Er­rol Shear, the chief in­vest­ment of­fi­cer of Absa As­set Man­age­ment, says th­ese per­for­mance fig­ures chal­lenge the widely held the­ory that cash was a sound bet when the JSE plum­meted in 2008 through to the first quar­ter of last year.

He says the mar­ket re­cov­ered be­tween March and De­cem­ber last year, but many jit­tery in­vestors were in no mood to take ad­van­tage of this.

“Mar­ket flight is tra­di­tion­ally fol­lowed by a pe­riod on the side­lines, com­pound­ing over­all losses. The re­sult is a sig­nif­i­cant ero­sion of wealth,” he says.

Shear says the fund has a “prag­matic, value-ori­ented in­vest­ment style and seeks out­per­for­mance through se­lec­tive stock-pick­ing with a fo­cus on qual­ity com­pa­nies”. Some “in­ter­est­ing” small­cap shares, such as those of phar­ma­ceu­ti­cal com­pany Ci­plaMed­pro, soft­ware com­pany Datatec and min­ing com­pany Mer­afe, fre­quently liven up the mix, Shear says. “We look for com­pa­nies with good busi­ness mod­els, where the price at which the share is trad­ing is be­low in­trin­sic value. To quote War­ren Buf­fett, price is what you pay, value is what you get. Our val­u­a­tions are based mainly on price-earn­ings (PE) ra­tios and dis­counted cash flows,” he says. A PE ra­tio tells you how many years, at the cur­rent level of earn­ings, it will take you to re­cover your in­vest­ment in a share. It is cal­cu­lated by di­vid­ing the share price by the an­nual earn­ings per share.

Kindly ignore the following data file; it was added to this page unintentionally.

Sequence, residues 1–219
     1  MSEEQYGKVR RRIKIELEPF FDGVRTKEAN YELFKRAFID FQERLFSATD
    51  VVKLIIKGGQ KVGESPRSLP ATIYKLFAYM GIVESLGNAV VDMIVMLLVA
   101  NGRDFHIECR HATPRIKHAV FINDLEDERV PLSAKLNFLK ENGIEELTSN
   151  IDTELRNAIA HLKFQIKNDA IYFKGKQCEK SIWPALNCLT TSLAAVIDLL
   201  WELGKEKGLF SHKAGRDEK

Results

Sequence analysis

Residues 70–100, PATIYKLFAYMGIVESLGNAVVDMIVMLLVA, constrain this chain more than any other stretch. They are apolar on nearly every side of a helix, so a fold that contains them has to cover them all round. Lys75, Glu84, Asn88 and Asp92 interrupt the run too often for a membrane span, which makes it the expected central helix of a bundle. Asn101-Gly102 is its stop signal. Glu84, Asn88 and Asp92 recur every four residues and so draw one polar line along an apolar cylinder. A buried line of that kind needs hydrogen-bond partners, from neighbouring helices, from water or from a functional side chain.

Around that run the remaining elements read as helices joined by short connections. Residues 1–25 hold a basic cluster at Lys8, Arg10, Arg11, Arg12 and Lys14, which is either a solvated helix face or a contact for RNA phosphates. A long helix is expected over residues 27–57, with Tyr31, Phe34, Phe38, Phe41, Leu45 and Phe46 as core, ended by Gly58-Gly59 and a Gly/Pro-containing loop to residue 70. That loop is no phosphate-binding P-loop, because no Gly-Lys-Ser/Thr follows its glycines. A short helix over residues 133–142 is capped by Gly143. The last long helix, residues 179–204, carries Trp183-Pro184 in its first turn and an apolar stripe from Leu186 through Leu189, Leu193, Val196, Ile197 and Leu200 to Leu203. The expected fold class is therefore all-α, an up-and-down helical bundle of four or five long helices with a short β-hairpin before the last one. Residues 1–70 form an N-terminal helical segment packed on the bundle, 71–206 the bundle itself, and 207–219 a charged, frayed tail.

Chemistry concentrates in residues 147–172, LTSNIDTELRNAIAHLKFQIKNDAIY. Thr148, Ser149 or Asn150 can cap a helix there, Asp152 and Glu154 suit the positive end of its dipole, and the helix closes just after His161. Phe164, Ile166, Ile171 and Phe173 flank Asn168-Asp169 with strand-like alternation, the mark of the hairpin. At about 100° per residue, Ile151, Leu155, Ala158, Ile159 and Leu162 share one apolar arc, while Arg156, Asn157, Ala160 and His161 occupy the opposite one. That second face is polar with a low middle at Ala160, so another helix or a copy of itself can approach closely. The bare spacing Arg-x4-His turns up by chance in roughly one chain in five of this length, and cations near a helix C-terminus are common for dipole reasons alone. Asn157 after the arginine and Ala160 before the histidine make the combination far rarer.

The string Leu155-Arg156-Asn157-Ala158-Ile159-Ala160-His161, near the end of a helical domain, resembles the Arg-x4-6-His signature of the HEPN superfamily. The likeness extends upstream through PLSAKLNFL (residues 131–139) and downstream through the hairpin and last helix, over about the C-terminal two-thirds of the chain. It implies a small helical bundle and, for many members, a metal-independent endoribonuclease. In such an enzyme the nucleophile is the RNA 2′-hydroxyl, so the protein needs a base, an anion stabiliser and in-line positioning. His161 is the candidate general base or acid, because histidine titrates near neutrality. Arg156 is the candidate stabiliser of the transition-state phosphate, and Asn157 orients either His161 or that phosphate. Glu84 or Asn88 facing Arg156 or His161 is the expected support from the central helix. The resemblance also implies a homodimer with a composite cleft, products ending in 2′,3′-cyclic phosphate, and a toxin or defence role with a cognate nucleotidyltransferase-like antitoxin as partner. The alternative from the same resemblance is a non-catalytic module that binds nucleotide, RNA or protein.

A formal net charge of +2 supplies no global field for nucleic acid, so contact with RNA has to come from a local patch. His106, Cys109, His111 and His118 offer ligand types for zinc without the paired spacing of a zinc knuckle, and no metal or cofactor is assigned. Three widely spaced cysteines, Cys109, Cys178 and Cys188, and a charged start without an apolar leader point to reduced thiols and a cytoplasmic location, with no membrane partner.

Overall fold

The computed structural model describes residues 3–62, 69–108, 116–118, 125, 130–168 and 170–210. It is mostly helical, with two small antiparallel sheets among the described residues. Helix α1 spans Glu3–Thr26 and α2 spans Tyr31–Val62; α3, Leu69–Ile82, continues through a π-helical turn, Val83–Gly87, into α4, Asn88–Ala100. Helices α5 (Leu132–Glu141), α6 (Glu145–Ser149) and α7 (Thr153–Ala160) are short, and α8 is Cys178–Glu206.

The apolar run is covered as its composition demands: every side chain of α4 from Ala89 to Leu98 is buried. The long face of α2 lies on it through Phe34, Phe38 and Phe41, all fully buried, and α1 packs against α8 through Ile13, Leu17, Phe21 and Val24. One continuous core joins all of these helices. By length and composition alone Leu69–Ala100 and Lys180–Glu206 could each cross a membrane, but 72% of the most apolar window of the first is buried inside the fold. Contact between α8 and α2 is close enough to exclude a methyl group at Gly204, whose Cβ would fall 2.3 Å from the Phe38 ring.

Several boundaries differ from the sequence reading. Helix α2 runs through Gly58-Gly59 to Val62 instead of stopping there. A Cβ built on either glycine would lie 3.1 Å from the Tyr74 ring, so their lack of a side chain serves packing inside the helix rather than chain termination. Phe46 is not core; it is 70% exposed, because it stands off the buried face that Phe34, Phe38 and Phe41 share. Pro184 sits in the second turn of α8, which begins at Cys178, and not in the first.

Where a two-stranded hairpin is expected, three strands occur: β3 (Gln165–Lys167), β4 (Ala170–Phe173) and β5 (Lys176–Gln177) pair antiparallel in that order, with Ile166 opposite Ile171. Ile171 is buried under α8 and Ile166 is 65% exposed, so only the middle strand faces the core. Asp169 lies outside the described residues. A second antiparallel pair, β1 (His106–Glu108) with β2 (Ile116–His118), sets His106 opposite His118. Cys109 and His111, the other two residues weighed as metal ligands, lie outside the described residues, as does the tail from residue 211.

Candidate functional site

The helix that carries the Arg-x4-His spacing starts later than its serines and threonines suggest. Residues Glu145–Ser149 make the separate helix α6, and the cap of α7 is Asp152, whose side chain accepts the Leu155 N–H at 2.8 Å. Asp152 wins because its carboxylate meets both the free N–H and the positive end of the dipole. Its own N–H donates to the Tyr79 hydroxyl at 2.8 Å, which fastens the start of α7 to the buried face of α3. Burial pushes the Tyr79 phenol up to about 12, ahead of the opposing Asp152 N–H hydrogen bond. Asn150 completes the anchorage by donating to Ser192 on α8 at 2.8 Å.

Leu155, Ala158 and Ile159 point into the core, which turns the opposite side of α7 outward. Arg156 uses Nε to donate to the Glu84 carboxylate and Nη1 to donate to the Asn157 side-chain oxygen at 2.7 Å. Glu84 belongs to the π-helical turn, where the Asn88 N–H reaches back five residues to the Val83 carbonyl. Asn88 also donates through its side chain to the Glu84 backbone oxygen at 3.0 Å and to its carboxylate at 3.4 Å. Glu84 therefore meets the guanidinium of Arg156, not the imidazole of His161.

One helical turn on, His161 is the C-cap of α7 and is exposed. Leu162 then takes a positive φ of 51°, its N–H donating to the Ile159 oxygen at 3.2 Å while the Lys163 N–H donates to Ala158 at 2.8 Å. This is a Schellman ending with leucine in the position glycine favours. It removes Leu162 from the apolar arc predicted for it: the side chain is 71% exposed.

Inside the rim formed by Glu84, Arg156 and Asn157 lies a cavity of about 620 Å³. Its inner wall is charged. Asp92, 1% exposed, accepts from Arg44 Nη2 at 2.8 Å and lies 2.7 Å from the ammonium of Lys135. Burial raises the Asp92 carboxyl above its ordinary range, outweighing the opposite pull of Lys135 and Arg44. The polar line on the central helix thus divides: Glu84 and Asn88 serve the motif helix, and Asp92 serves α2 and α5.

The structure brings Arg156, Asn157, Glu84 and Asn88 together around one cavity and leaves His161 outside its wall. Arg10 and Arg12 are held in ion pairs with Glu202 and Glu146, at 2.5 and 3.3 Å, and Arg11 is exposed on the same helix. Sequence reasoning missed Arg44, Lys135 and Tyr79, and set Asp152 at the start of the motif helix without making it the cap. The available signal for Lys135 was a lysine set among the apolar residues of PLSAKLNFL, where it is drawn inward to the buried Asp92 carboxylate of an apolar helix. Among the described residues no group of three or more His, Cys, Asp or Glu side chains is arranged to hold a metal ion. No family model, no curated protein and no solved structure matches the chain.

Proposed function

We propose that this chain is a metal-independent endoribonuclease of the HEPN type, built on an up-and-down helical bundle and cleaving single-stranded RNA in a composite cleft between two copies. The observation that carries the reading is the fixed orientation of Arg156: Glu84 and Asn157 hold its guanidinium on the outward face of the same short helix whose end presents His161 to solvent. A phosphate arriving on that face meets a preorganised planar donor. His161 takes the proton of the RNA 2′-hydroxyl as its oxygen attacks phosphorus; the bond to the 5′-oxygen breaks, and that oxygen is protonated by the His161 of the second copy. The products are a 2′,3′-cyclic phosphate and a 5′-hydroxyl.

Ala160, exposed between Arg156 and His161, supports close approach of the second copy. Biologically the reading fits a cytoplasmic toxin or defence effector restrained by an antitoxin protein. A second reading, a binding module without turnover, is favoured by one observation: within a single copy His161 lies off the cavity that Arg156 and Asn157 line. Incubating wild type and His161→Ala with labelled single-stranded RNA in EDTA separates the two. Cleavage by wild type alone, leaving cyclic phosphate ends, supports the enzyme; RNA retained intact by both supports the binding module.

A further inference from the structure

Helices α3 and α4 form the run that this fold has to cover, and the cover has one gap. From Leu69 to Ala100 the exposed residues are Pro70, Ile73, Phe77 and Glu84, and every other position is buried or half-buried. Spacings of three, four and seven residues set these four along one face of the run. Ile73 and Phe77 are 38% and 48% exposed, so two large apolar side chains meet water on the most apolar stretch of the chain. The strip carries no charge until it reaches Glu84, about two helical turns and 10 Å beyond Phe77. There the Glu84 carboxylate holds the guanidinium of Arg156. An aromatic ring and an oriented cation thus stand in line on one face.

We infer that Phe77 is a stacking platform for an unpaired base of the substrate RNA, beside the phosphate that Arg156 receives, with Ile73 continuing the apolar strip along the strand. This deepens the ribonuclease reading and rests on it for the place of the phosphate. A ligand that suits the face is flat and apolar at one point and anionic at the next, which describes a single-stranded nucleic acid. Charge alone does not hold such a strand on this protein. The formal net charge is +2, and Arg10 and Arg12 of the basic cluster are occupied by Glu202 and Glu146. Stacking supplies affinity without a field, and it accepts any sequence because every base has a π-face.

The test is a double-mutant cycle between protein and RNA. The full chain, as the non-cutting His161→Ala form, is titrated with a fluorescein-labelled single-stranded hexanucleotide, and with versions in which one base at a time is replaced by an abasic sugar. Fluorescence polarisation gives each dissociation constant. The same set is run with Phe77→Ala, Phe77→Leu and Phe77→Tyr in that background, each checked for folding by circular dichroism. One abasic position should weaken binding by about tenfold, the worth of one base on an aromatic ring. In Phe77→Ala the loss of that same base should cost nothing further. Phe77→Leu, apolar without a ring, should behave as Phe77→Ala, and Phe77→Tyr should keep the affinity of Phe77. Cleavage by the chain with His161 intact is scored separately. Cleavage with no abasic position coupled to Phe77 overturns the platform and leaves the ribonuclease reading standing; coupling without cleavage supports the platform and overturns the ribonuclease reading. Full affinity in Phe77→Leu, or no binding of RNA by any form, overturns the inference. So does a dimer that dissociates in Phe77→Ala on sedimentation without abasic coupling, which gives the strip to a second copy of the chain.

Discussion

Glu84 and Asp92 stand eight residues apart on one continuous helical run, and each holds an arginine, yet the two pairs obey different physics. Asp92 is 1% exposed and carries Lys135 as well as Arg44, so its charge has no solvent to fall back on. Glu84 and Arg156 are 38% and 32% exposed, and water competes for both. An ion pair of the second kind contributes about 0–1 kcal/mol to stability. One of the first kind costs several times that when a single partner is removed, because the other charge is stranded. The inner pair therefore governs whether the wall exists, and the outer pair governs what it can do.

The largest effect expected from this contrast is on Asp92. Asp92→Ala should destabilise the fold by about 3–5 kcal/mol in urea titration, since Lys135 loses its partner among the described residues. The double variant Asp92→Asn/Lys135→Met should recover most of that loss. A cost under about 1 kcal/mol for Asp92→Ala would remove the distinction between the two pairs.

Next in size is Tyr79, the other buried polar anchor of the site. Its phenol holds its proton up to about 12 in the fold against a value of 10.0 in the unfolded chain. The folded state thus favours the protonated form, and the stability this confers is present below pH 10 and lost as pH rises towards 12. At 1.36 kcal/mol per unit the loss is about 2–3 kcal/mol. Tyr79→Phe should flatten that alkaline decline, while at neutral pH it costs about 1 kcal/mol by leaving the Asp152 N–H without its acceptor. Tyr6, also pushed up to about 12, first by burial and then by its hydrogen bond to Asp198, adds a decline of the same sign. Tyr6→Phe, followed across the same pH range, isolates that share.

Shear says de­spite tough mar­ket con­di­tions, the com­pa­nies in which the fund had large in­vest­ments and which per­formed well over the past year in­cluded life as­surer Old Mu­tual, re­tailer Mr Price and food pro­ducer Ton­gaat Hulett.